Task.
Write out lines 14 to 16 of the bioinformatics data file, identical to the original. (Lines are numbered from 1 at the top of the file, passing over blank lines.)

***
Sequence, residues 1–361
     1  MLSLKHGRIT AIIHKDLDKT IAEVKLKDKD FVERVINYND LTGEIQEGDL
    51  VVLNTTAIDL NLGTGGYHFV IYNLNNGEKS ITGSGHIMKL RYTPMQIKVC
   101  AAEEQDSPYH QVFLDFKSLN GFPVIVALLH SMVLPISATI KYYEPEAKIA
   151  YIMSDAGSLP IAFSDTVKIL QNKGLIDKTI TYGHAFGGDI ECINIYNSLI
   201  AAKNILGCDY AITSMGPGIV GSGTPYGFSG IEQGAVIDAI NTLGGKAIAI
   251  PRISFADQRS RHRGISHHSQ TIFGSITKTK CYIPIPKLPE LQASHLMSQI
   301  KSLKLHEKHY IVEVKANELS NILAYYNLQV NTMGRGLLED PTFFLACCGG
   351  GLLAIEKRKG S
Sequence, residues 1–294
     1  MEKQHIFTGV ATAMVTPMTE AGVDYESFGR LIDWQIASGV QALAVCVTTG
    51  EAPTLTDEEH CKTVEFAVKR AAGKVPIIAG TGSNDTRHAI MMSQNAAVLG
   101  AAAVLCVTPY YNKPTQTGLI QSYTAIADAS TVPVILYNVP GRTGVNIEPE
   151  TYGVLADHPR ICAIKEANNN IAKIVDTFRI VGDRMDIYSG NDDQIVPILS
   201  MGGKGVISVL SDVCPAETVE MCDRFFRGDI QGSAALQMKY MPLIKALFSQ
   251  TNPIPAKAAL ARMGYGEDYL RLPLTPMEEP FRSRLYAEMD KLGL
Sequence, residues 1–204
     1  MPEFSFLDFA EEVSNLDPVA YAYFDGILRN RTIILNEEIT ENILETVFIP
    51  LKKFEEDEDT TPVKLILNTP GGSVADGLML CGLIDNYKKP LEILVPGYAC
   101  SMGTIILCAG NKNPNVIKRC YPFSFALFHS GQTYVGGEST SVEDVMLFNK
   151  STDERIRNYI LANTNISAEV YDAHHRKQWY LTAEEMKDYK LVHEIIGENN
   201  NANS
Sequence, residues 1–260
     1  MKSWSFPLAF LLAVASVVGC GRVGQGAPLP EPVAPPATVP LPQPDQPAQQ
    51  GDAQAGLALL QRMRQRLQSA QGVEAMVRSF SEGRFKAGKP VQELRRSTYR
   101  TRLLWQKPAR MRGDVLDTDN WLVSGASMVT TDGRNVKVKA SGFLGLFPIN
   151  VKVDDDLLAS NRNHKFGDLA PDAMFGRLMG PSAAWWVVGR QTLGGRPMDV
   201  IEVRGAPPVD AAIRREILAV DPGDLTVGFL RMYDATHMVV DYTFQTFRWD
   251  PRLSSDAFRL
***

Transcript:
   151  TYGVLADHPR ICAIKEANNN IAKIVDTFRI VGDRMDIYSG NDDQIVPILS
   201  MGGKGVISVL SDVCPAETVE MCDRFFRGDI QGSAALQMKY MPLIKALFSQ
   251  TNPIPAKAAL ARMGYGEDYL RLPLTPMEEP FRSRLYAEMD KLGL